Oh, but here’s the thing. Just like everyone else on Planet Earth, the pandemic has upended many aspects of my life, but one thing that has remained unchanged is my location in space. As a socially-averse autistic already working from home for the past decade, I was already not going anywhere. Not even the coronavirus could disrupt a life outside the home if it didn’t exist to begin with.

Nonetheless, when the Great Lockdown began in March, it still felt to me like a doctor’s note authorizing me to indulge in video games again.

(An aside for some context: I say “again” because I have had spurts of game obsession at different times in my adult life, starting with games like The Legend of Zelda: The Ocarina of Time and Final Fantasy VII near the end of college. Later, as time for games became scarcer, I would go through periods of serious Civilization addiction for installments III, IV, V, and especially VI, which Steam tells me I have played for almost 1400 hours, which doesn’t even count the additional hours spent playing it on my iPad. More recently, I became enamored with The Legend of Zelda: The Breath of the WildAnimal Crossing: New Horizons, and, my current alternate-universe-of-choice, The Elder Scrolls V: Skyrim, all on the Nintendo Switch.)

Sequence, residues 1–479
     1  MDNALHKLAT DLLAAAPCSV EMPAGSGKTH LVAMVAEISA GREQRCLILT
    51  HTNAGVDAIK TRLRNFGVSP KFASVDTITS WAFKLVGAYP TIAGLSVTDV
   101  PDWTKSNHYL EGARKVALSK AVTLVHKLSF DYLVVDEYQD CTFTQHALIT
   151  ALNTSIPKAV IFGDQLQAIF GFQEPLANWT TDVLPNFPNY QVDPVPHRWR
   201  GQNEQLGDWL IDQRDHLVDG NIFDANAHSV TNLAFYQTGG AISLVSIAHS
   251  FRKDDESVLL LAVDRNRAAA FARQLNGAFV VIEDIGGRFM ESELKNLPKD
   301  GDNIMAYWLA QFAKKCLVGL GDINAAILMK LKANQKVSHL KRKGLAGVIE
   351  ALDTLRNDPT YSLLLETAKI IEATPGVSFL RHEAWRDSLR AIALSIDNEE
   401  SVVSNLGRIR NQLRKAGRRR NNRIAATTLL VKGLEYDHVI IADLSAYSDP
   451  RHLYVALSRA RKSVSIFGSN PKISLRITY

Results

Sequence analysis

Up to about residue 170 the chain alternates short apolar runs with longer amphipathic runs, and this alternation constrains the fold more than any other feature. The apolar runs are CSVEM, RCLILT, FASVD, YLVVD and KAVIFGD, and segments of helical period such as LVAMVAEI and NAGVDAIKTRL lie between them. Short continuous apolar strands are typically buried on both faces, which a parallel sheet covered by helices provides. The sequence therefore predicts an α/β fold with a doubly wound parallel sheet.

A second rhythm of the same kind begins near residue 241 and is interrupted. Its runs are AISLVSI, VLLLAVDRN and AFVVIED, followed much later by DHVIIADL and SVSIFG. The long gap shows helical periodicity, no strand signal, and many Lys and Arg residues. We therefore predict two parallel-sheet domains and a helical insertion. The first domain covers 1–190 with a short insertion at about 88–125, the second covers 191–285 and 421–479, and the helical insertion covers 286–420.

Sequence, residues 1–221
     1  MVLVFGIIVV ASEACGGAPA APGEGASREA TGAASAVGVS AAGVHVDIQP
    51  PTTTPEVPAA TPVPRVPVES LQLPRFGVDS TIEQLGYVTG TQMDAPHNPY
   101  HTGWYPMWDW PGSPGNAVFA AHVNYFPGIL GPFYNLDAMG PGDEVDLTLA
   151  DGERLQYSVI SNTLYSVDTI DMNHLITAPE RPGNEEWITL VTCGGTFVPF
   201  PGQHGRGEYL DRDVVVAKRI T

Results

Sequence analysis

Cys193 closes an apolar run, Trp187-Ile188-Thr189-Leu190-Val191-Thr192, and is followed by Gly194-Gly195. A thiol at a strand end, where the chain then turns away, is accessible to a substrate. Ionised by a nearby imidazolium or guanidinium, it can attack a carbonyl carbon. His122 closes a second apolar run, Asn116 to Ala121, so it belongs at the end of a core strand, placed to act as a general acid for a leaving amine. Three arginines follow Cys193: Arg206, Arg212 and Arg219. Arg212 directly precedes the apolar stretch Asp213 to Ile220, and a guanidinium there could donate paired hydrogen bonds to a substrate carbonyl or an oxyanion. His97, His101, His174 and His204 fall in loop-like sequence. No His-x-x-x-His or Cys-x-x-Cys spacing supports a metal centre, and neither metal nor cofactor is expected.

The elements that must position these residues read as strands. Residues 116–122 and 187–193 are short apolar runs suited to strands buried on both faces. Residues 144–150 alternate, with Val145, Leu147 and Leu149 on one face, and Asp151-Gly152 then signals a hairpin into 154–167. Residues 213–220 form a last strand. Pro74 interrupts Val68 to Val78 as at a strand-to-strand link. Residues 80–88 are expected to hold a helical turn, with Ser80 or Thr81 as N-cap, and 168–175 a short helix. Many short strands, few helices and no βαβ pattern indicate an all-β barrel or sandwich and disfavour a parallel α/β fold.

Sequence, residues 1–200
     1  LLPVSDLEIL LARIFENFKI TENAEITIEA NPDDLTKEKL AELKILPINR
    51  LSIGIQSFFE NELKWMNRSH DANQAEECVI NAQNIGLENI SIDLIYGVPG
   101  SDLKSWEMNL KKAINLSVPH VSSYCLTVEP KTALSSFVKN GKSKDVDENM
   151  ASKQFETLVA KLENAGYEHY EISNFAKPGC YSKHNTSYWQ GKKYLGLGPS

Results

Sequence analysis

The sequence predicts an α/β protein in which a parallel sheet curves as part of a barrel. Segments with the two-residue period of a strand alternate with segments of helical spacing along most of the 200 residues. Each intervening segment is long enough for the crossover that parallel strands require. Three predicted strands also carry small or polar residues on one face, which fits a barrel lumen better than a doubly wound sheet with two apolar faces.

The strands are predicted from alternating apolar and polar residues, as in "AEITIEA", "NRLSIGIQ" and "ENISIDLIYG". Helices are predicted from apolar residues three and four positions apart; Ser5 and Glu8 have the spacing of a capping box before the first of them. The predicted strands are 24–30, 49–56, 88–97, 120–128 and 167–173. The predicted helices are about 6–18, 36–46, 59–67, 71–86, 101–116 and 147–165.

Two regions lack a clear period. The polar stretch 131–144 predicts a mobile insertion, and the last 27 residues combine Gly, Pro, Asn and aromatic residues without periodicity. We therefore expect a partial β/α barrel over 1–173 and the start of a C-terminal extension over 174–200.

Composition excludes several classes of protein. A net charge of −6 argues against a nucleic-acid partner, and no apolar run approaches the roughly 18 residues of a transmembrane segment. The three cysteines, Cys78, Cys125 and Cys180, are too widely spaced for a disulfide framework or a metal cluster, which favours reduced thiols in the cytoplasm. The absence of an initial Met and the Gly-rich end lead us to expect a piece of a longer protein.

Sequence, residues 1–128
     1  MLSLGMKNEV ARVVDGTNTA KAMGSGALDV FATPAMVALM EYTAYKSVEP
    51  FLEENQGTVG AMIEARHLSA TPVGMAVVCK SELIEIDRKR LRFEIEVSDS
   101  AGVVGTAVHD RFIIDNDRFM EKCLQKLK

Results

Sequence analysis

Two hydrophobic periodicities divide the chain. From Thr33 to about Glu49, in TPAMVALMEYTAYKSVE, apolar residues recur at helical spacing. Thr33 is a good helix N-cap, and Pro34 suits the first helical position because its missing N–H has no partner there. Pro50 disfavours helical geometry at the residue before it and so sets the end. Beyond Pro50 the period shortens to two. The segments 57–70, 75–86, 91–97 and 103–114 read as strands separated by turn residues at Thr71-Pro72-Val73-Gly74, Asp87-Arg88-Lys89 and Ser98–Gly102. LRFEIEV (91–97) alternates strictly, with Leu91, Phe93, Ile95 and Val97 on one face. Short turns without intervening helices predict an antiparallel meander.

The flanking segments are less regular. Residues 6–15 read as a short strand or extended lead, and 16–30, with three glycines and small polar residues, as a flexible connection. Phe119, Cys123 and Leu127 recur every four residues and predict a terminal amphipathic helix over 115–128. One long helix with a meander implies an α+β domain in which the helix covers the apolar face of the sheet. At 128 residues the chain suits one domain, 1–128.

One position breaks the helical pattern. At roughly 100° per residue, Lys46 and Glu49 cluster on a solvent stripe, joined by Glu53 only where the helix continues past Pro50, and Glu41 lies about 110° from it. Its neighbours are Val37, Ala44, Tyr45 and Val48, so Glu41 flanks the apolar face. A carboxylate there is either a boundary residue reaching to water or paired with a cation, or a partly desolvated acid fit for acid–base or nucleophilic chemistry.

Since the vast majority of my time playing video games is solitary (save for when my semi-interested partner happens to be in the room), I have always perceived playing them as a way of sinking into my own little world. But I think being exposed to so much positive social reinforcement regarding quarantine video games made me feel like I was doing something with a speck of social value. It wasn’t just me being a weird 40-something dude manipulating cartoon characters in fantasy worlds all by my lonesome. Now I was in with the in-crowd. Everyone was doing it. We were being alone together.

But despite this absolution, I knew that I couldn’t claim to be leaning on video games to get me through the pandemic. I wasn’t being kept away from my job or unexpectedly burdened with truckloads of free time I didn’t know what to do with. If anything, my job got busier, my kids were home with me more often, and I actually find I have less free time now than I did in back the Long, Long Ago. I’m not killing excess time by playing video games. I’m frittering away the precious little time I have.